That in­cludes the two cur­rent of­fice build­ings, the new AC by Mar­riott ho­tel, and a large 900-space car park.

Ian says that work could be worth roughly £200,000 for his firm.

In Lon­don, Do­ran is also work­ing on a new project at Lu­ton air­port — the to­tal value of the scheme is worth around £40m to £50m.

Around 50% of the firm’s busi­ness is in North­ern Ire­land, with around 40% else­where in the UK.

“Our main com­peti­tors would

❝ If a tar­iff ap­peared, it might cause us a bit of a prob­lem, but it’s a small part of the busi­ness

be multi-na­tion­als. And with around 100 staff, we are in a good po­si­tion to com­pete with them,” Ian said.

“We pro­vide a good ser­vice, and that’s re­flected in our re­peat busi­ness.”

Look­ing back, the firm, like many other com­pa­nies, was hit by the rav­ages of re­ces­sion.

“It was quite dra­matic. We would have had 80 or 90 staff in 2007. We dropped down to just over 60. Our turnover plum­meted.

“But what saved us was the breadth of our skill-set.”

He said work in ar­eas such as apart­ments and of­fice block de­vel­op­ment “dis­ap­peared al­most overnight”.

“But some of the staff I had were re­de­ployed into the bridge sec­tor, which was strong dur­ing the re­ces­sion ... where we lost work in some sec­tors, we were able to com­pen­sate in oth­ers.”

“Un­for­tu­nately, we had to make peo­ple re­dun­dant. That was just a nec­es­sary step to keep us afloat at the time.

Speak­ing about the com­pany’s post-re­ces­sion turn­around, he said: “In five years, our turnover has in­creased by around 120% and our staff num­bers have in­creased by around 50%.

“At the end of the re­ces­sion, we would have had about 60-65 staff, and now we are up to around 100.”

Do­ran Con­sult­ing now turns over be­tween £7m and £8m a year.

Ian grew up in east Belfast, his fa­ther, Wil­liam, a ship­yard worker. “My late mother was called Emily, and came from east Belfast. It was a very typ­i­cal work­ing-class fam­ily,” he said.

Ian at­tended the then Grosvenor High School, be­fore mov­ing on to study en­gi­neer­ing at Queen’s Uni­ver­sity.

“My fa­ther was quite keen that we go to uni­ver­sity,” he said.

He started out work­ing in the in­dus­try at the age of 22, start­ing with Dr I G Do­ran Part­ners — as it was known — at its for­mer base at Der­ryvol­gie Av­enue.

The busi­ness then in­cor­po­rated in 2005.

He is mar­ried to Ali­son, who had worked as a teacher, and has two chil­dren, son Michael (24) and daugh­ter Sarah, aged 21.

A keen run­ner and Arse­nal fan, Ian is also an el­der in Knock Pres­by­te­rian Church.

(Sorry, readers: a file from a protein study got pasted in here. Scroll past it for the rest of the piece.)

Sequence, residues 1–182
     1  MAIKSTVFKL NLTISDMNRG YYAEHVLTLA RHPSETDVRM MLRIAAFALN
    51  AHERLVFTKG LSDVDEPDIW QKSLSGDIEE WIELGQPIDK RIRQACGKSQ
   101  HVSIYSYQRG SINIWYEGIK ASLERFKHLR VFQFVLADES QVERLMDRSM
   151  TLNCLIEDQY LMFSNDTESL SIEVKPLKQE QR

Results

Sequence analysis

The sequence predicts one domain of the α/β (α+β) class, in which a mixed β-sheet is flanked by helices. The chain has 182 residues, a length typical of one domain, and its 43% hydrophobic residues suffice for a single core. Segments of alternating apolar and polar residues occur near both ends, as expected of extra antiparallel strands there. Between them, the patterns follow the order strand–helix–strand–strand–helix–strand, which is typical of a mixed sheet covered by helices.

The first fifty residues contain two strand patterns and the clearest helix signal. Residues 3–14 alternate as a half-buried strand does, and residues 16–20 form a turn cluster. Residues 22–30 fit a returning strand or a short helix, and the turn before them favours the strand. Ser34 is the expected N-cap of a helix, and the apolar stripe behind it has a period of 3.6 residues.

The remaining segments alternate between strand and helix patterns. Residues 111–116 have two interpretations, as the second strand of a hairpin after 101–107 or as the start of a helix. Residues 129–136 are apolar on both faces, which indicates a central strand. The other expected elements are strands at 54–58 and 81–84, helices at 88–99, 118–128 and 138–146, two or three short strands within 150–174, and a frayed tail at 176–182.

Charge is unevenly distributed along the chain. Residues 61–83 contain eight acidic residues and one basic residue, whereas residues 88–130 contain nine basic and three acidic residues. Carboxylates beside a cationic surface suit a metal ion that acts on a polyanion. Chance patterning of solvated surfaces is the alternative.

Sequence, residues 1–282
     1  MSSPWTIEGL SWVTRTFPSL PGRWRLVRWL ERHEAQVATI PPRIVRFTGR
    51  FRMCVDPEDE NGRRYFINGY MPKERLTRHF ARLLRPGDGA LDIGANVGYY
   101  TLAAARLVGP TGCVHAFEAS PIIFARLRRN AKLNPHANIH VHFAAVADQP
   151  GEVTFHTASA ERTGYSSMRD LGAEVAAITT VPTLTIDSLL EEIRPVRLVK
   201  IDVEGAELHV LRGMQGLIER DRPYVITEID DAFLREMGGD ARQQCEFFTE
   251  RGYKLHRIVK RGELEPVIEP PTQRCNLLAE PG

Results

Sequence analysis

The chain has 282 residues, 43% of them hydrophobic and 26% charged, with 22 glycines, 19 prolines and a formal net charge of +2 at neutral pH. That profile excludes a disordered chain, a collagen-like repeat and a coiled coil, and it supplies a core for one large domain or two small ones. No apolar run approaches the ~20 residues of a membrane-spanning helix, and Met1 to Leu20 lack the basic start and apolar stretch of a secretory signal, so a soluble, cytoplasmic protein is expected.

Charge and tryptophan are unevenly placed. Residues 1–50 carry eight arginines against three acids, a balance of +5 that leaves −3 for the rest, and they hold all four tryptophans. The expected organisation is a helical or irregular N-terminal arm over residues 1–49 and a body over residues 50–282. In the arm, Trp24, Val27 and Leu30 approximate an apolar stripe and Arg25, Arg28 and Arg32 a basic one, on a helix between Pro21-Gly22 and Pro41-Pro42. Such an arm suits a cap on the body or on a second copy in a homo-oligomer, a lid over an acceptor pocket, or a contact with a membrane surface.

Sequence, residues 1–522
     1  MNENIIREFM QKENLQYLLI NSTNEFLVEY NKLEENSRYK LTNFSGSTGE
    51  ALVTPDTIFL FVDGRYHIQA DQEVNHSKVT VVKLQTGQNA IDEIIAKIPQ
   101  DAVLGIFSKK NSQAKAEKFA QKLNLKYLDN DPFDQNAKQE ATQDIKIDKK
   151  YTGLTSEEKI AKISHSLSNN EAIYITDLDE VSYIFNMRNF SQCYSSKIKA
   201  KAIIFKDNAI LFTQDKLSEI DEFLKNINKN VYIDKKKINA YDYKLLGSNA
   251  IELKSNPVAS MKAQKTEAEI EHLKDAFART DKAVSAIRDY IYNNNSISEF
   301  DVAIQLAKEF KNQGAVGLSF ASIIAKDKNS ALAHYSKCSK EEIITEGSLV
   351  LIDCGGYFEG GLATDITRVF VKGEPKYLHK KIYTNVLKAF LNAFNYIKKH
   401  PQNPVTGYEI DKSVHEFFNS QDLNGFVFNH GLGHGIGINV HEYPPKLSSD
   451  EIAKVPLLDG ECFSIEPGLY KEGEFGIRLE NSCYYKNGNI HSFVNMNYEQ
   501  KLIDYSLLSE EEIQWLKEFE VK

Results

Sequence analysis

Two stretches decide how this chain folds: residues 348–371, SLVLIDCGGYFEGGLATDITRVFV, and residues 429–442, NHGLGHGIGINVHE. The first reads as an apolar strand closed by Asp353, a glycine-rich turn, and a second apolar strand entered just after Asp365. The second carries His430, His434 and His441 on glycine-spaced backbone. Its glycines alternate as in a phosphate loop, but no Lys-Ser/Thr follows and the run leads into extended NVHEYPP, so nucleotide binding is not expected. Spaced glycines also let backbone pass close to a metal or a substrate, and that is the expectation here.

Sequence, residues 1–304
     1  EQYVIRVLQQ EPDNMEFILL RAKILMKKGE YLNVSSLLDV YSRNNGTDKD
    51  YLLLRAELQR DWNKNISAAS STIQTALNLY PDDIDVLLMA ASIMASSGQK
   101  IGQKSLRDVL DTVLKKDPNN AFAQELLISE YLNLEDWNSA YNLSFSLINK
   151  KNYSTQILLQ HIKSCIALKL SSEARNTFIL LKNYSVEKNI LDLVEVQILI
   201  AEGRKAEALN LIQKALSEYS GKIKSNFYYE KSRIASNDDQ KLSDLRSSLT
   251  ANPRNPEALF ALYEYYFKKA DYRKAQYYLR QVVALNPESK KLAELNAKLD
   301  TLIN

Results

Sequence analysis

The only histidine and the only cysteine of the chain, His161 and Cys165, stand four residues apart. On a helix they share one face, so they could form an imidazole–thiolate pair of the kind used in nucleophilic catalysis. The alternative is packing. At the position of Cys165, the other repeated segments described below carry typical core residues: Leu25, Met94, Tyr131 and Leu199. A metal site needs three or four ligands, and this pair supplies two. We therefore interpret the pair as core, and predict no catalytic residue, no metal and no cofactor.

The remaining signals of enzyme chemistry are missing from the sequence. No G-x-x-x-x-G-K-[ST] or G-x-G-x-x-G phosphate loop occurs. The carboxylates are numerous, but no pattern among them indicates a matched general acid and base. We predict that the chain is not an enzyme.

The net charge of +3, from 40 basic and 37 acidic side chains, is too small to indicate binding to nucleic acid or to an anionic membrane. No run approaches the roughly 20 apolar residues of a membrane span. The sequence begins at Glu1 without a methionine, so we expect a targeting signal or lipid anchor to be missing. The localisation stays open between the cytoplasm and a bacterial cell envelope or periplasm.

“Out­side of work I am very in­volved in my church,” Ian said. “I am an el­der in the church and heav­ily in­volved.

“They are con­sid­er­ing a de­vel­op­ment project. Some of their halls and ac­com­mo­da­tion are from the 1960s and 1970s, so I’m tak­ing a lead in that, with the ex­per­tise I have to make a bit of a con­tri­bu­tion to that.”

And while Belfast is wit­ness­ing a raft of build­ing and de­vel­op­ment, in­clud­ing sev­eral ho­tels and of­fice schemes, Ian takes a dif­fer­ent view and says it’s a “mixed pic­ture”.

“I’m not quite sure it’s as pos­i­tive as the es­tate agents are say­ing,” he said.

“There is a rea­son­ably strong de­mand for of­fice space ... the other stuff go­ing on around the city is en­cour­ag­ing. I don’t think we are back to pre-re­ces­sion, and I don’t think we ever will be back to that level.

“I would de­scribe it as a bit frag­ile, and I don’t think it would take much to push it one way, or the other.

“It’s con­fi­dence in terms of peo­ple want­ing to spend money. I’m look­ing at a lot of press cov­er­age of big com­pa­nies in Eng­land, go­ing to Dublin, Lux­em­bourg and Frankfurt.

Tra­di­tion­ally, we would have the likes of Citi com­ing in here, and busi­nesses like (global law firm) Baker Mcken­zie, and the ques­tion is, will they con­tinue to come in af­ter we have left the EU? Will it be as at­trac­tive?”

And while a num­ber of ma­jor ho­tels and am­bi­tious of­fice de­vel­op­ments have been ear­marked for Belfast, Ian doesn’t be­lieve all of them will ac­tu­ally get over the line.

“I think it’s peo­ple with sites, who are try­ing to gauge in­ter­est and get a bit of trac­tion be­hind it. I’m not overly con­fi­dent that all those de­vel­op­ments will take place.”

❝ I don’t think we are back to pre-re­ces­sion, and I don’t think we ever will be back at that level

Ian Long at his Great Vic­to­ria Street of­fice

Ian Long , man­ag­ing di­rec­tor of Belfast-based com­pany Do­ran Con­sult­ing

Ian Long of Do­ran Con­sult­ing at his desk and (in­set) with his son at Arse­nal’s Emi­rates sta­dium

Ian Long with his wife Ali­son, and their chil­dren Michael and Sarah